Counterfeit Yuan Seized in China—684 Million
Close to twice as much counterfeit money was seized across China this year compared to last, according to a September report in the Beijing Morning Post.
Public security organs seized 684 million counterfeit RMB (US$93.7m), with the percentage of small-denominations and coins growing to between four and six times since 2005.
The report said that counterfeit currency making has new elements: it originates from key areas in Eastern and Central China, and from there radiates across the country along the main transportation routes.
The counterfeit currency is forged in Guangdong Province, processed and stored in Anhui, Henan and Hunan provinces, and circulates in the capitals where population mobility and cash usage are great, the report said. Then, it spreads to the surrounding areas and Central and Western China, as well as farming areas, mountain areas, minority regions, and border regions.
In addition, the report says, the suspects have become more professional. They group together relatives and fellow townsmen and form "industrial chains" that are composed of relatively stable personnel with individual responsibilities. Generally, the main suspect within the family would buy large amounts of counterfeit currency from Guangdong and assign them among the group. Then, individuals either sell them or spend them around the country.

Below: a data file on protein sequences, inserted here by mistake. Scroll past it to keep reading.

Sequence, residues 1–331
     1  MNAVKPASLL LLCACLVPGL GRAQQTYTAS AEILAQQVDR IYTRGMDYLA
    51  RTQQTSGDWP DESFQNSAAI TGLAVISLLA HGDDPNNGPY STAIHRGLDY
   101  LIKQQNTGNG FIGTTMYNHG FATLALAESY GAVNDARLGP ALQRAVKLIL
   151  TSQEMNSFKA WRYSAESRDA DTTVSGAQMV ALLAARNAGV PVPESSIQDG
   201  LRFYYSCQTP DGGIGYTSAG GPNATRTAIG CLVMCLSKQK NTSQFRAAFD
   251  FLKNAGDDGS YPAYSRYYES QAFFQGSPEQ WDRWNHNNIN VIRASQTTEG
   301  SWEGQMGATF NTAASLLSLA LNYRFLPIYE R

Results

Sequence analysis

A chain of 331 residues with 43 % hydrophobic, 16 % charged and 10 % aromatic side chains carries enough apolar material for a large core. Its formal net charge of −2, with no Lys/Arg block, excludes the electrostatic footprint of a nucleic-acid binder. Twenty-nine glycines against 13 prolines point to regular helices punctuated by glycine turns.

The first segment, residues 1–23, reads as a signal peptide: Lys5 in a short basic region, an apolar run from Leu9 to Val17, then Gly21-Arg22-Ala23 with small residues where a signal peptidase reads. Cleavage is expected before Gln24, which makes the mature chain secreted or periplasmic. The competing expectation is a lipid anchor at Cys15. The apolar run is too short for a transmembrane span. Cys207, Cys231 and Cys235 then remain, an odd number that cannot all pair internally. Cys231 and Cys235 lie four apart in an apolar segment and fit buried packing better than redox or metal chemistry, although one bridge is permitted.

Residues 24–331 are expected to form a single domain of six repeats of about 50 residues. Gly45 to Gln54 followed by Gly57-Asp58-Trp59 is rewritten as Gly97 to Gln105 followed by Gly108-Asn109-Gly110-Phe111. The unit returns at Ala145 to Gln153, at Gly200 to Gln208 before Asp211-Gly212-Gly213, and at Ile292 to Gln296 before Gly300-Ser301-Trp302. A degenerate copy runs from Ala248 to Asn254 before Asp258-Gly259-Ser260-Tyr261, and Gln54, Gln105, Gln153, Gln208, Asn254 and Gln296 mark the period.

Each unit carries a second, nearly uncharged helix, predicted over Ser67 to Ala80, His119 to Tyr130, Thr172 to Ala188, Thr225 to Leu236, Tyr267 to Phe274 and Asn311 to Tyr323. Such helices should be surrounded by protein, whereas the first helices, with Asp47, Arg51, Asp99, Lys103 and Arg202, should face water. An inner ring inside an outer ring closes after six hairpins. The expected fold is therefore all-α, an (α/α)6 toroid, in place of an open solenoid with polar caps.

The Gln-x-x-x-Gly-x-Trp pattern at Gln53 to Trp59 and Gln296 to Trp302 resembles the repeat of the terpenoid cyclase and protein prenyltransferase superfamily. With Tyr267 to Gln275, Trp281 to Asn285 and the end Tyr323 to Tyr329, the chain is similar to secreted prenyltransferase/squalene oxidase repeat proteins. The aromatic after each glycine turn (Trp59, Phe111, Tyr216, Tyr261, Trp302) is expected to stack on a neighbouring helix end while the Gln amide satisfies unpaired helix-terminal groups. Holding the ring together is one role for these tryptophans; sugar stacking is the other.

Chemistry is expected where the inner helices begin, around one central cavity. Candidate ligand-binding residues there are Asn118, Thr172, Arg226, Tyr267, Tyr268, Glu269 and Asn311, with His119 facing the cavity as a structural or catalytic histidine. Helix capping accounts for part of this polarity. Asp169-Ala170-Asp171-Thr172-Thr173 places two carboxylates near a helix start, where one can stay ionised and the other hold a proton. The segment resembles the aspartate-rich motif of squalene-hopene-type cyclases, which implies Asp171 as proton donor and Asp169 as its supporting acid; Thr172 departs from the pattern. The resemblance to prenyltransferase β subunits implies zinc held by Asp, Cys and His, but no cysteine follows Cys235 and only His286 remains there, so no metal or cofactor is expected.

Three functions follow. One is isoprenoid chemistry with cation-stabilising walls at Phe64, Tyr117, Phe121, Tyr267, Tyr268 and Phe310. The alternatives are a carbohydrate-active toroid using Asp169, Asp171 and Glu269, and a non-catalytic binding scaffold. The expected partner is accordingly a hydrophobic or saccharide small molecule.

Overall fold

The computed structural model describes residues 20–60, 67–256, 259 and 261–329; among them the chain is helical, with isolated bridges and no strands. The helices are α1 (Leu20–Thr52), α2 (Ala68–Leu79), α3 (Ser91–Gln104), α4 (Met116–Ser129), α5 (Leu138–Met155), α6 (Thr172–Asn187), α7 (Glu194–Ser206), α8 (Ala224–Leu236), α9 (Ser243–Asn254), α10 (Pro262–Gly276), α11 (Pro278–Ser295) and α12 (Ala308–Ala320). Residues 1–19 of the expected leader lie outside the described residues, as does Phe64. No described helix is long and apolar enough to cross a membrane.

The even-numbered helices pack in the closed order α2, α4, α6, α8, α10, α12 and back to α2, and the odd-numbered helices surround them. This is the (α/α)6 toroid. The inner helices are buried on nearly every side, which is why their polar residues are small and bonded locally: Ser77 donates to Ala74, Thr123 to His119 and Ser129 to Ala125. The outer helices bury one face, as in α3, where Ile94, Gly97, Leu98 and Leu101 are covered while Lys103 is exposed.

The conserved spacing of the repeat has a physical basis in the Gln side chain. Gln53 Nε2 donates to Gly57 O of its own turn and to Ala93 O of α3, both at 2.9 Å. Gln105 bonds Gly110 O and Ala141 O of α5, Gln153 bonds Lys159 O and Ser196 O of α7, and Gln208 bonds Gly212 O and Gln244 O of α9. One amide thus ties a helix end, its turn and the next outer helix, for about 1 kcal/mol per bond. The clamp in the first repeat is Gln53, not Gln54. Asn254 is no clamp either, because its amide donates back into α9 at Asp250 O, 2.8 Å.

A spokesperson for the “09 Action” campaign, a national anti-counterfeiting program launched in January 2009 by the Ministry of Public Security, said that spending counterfeit money mainly takes the form of fraudulently asking for change in suburban areas, targeting peddlers and markets.
Most counterfeit currency is in bills of large denominations of several hundred yuan. Recently though, bills of small denominations and coins have also started to increase.
Read the original Chinese article.